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1 hour ago, Colin Woods said:

Along with Lemmy,  Hitchens is one of the few heroes I still have. Much missed and more relevant now than ever.

 

Agreed... about Hitch rather than Lemmy. There isn't a week goes by when I don't watch him (and Harris, and Dawkins) on YouTube...

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28 minutes ago, Ed Rooney said:

What surprises me most about this thread is the righteous angry so many of you show to having any controls or limitations whatsoever on shooting pictures of strangers or things in a private or semi-private place. What is it you think security guards are supposed to be doing? I agree with Dusty about being obvious rather than trying to be invisible. I just go about things as if I have permission to shoot. 

 

 

 

 

 

Ed, most of these posts are about photography in public places, not private. So there are no "controls or limitations". Even in private property security guards' powers are much more limited than they try to make out. What they are not supposed to be doing is exceeding those powers or obstructing lawful activity.

One problem, at least in the UK, is the creeping privatisation of what would once have been public space in new developments. Public authorities cede rights to developers and the public are admitted, but on suffrance, not as of right, but it's less and less clear where this is the case.

Edited by spacecadet
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3 minutes ago, spacecadet said:

Ed, most of these posts are about photography in public places, not private. So there are no "controls or limitations". Even in private property security guards' powers are much more limited than they try to make out. What they are not supposed to be doing is exceeding those powers or obstructing lawful activity.

One problem, at least in the UK, is the creeping privatisation of what would once have been public space in new developments. Public authorities cede rights to developers and the public are admitted, but on suffrance, not as of right, but it's less and less clear where this is the case.

 

thanks for the clarification.  In Canada a market would likely be private space. 

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32 minutes ago, Ed Rooney said:

What surprises me most about this thread is the righteous angry so many of you show to having any controls or limitations whatsoever on shooting pictures of strangers or things in a private or semi-private place. What is it you think security guards are supposed to be doing? I agree with Dusty about being obvious rather than trying to be invisible. I just go about things as if I have permission to shoot.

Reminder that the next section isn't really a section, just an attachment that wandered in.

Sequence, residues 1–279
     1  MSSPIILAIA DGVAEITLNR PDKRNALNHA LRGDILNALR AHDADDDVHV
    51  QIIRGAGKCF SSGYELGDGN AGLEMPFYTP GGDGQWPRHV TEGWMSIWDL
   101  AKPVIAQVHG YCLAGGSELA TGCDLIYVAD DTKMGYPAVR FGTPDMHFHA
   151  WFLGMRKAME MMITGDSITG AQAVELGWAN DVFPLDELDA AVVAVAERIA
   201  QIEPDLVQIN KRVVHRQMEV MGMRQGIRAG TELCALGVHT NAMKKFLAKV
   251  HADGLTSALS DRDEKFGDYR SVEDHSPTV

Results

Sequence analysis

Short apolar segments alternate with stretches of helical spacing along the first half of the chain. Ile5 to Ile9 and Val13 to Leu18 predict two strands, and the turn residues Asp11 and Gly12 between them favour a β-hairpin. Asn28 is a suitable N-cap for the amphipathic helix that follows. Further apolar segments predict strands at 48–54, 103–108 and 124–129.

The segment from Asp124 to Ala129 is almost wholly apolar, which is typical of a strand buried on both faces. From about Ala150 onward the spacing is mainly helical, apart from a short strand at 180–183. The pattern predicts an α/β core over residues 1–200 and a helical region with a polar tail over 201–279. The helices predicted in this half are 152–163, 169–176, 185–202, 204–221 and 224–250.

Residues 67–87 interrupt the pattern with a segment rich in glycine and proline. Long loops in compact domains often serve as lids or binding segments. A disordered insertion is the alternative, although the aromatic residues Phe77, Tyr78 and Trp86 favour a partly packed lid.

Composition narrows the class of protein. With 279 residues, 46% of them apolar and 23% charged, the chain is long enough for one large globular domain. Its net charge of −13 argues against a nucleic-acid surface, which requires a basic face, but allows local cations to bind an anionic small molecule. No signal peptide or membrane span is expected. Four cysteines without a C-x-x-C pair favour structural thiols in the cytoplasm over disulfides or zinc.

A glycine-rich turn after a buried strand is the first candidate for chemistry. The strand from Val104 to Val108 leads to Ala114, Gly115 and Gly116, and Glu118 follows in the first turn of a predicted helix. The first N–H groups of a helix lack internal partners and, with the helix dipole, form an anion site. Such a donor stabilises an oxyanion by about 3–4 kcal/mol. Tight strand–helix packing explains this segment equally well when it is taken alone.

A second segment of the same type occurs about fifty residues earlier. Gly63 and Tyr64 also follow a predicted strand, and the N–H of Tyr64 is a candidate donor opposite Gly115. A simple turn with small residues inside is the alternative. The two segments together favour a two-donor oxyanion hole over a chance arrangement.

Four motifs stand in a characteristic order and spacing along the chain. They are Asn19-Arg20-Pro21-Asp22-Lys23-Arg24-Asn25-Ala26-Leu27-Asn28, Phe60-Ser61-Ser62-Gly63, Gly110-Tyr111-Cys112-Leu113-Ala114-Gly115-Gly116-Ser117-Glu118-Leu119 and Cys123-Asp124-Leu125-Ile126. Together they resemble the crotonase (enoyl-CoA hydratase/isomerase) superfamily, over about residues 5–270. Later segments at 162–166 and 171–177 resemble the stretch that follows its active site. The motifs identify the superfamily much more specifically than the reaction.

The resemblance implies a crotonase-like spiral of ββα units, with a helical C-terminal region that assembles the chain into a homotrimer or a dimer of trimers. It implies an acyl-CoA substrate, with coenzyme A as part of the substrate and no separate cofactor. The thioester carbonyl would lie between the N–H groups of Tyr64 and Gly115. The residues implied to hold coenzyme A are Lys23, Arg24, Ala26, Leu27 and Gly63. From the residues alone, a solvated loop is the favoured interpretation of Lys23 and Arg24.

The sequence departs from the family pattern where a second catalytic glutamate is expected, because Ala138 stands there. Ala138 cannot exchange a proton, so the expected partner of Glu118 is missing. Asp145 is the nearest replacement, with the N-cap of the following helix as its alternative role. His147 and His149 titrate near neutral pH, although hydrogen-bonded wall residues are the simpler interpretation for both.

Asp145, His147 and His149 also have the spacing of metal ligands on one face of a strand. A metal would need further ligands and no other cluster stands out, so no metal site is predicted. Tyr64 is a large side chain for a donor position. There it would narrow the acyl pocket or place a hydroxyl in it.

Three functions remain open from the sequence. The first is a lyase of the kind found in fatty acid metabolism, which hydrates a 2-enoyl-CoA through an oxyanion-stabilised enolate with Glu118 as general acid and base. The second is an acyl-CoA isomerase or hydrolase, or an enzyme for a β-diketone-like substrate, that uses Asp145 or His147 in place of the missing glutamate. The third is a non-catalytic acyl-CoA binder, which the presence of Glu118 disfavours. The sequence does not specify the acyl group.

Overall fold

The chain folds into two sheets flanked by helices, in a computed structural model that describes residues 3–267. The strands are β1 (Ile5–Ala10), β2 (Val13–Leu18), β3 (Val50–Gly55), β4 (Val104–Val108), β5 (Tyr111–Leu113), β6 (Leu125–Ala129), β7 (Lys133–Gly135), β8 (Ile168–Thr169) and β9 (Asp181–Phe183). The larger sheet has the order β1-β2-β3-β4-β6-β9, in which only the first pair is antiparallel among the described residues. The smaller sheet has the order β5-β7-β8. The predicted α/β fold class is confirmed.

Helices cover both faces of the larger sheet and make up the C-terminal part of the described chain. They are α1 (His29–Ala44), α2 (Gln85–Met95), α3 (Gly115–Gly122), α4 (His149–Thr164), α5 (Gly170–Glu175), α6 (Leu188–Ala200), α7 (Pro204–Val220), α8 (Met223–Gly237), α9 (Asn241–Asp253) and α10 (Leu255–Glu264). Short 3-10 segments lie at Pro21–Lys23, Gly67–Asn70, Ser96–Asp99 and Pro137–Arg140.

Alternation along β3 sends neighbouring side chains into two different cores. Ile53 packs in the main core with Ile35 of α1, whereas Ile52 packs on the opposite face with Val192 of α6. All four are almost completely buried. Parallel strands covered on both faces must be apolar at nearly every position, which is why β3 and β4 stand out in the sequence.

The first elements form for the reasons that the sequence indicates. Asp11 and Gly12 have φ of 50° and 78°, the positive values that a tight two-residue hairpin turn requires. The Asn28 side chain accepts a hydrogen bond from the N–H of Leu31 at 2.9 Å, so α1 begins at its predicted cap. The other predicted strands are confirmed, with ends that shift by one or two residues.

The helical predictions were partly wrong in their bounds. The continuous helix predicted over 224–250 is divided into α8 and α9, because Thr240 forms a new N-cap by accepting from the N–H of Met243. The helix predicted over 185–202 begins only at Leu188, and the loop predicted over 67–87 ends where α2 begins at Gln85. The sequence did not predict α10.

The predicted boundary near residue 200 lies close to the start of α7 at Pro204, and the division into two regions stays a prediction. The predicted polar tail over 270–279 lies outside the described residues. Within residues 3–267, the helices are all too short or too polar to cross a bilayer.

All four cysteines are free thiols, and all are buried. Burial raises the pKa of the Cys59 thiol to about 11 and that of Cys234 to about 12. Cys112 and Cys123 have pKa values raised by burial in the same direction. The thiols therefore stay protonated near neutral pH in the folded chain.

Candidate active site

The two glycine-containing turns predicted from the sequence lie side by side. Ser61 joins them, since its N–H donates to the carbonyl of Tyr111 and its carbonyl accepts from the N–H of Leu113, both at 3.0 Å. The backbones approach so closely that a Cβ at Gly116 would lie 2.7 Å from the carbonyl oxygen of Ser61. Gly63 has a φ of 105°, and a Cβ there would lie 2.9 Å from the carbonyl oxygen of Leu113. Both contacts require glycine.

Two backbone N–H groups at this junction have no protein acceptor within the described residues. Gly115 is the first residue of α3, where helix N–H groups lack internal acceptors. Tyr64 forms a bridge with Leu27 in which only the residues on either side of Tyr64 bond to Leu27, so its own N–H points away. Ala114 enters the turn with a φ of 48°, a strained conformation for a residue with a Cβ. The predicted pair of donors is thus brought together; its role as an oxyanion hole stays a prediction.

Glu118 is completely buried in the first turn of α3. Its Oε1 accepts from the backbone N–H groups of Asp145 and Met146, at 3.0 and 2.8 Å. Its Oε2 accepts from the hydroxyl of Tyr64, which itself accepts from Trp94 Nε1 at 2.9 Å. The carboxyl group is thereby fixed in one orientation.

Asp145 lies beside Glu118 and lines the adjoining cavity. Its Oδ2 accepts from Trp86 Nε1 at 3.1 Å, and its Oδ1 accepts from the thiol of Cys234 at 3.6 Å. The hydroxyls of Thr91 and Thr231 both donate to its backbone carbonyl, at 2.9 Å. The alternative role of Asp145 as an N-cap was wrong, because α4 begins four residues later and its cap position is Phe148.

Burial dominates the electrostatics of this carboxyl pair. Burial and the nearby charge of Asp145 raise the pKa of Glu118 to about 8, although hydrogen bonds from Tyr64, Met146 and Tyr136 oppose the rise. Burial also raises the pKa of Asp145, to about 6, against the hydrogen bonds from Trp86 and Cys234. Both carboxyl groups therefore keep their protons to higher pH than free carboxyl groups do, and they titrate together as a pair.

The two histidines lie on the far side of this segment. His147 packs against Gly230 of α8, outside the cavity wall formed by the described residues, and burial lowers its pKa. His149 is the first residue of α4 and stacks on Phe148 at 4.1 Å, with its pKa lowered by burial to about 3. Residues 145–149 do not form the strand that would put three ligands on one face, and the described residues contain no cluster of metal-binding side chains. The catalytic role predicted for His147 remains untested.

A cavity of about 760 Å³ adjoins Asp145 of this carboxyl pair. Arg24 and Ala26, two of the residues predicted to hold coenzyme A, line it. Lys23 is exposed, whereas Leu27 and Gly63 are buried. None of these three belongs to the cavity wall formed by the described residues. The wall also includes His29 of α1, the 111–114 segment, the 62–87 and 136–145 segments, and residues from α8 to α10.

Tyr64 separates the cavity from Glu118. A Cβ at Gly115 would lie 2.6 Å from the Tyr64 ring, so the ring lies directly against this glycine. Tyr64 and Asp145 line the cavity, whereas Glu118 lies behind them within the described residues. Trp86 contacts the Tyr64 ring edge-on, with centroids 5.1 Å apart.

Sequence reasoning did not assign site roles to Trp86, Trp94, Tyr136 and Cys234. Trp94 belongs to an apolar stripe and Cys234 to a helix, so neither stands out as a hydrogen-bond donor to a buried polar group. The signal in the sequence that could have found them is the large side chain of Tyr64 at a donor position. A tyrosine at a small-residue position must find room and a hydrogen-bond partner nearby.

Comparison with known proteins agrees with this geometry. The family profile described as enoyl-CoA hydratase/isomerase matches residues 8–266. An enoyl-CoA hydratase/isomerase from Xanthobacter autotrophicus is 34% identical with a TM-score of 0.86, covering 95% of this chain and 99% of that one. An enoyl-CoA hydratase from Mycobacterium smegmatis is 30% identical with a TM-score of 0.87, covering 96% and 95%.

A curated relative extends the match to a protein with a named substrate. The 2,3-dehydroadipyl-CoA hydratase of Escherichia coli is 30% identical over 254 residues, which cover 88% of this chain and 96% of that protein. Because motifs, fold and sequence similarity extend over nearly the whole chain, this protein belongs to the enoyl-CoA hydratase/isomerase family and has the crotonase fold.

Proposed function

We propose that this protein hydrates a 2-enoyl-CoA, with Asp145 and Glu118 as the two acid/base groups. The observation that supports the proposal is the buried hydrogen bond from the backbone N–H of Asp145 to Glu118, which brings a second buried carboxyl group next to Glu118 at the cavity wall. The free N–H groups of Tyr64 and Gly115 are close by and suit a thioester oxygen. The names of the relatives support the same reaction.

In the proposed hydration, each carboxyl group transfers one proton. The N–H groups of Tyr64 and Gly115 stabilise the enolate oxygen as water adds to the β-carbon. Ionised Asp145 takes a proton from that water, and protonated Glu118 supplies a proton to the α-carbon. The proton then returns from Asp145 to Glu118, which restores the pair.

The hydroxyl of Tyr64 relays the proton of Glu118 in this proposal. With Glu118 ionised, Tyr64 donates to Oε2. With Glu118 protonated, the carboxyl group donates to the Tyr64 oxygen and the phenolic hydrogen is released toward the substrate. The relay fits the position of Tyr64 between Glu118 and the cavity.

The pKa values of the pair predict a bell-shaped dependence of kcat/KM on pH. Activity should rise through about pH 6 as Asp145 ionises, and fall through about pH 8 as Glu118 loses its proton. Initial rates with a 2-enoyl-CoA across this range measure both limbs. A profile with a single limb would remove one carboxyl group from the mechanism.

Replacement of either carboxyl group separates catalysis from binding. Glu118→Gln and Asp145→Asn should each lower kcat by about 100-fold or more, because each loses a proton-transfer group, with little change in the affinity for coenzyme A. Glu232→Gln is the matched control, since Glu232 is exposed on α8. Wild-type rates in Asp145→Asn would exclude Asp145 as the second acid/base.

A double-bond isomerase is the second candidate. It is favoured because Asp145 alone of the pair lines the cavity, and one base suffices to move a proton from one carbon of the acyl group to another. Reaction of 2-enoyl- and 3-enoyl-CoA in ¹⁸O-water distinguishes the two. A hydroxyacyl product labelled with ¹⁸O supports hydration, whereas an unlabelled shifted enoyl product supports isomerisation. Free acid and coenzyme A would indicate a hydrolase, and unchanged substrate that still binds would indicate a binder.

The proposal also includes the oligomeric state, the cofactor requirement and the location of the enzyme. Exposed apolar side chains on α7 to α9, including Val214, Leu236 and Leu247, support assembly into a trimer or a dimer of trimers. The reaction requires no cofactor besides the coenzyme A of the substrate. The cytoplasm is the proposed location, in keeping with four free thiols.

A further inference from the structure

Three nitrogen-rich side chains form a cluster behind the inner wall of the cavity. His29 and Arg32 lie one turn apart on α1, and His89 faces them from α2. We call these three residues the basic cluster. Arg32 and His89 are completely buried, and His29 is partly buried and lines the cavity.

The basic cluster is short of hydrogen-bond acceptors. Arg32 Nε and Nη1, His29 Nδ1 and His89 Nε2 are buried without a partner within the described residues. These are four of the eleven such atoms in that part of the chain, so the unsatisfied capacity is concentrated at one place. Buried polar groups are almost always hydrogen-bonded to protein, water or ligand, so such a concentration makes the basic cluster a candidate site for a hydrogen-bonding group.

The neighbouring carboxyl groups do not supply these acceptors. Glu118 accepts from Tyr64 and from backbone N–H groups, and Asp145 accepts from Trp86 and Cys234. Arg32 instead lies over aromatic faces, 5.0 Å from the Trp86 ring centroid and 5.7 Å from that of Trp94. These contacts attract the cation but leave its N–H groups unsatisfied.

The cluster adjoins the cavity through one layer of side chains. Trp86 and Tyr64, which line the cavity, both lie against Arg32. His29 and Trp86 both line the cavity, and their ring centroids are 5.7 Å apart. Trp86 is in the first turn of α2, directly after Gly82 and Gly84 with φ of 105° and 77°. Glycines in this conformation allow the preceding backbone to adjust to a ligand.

In NYC Subways, the cops have stopped me from shooting a couple of times and told me shooting in the Subways is against the law. It is not against the law, but I just thank the officer and take the train to another station. 

 

When I was doing travel marketing shoots for airlines, I would get the client to give me two letters of introduction, one in English the other in the language of the country I was going to. Now days, being semi-retired and shooting only editorial stock, I don't feel overly concerned about having a problem with any one subject or image. I just move on. In the long ago, when I was a hardcore PJ, I followed just one rule: get the picture. I was shooting in the Duke Street Food and Drink Market today. Nobody paid me any attention. 

 

 

 

 

In the Montreal market incident that I mentioned, I'm not sure what the security guard was supposed to be doing. There were no signs in the public market (or on their website) prohibiting photography, and the guard couldn't give me a good reason why I shouldn't be taking pictures. Also, no one else appeared to mind. If they had, I would have bought a bag of fresh Quebec apples and gone on my way. That said, photographing people in public isn't as easy or enjoyable as it used to be.

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17 minutes ago, meanderingemu said:

 

thanks for the clarification.  In Canada a market would likely be private space. 

 

... but they still call them "public markets" for the most part. Perhaps the powers that be should start calling them "private markets" instead, which would clarify things but which might not be too good for business.

Edited by John Mitchell

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18 minutes ago, spacecadet said:

Ed, most of these posts are about photography in public places, not private. So there are no "controls or limitations". Even in private property security guards' powers are much more limited than they try to make out. What they are not supposed to be doing is exceeding those powers or obstructing lawful activity.

One problem, at least in the UK, is the creeping privatisation of what would once have been public space in new developments. Public authorities cede rights to developers and the public are admitted, but on suffrance, not as of right, but it's less and less clear where this is the case.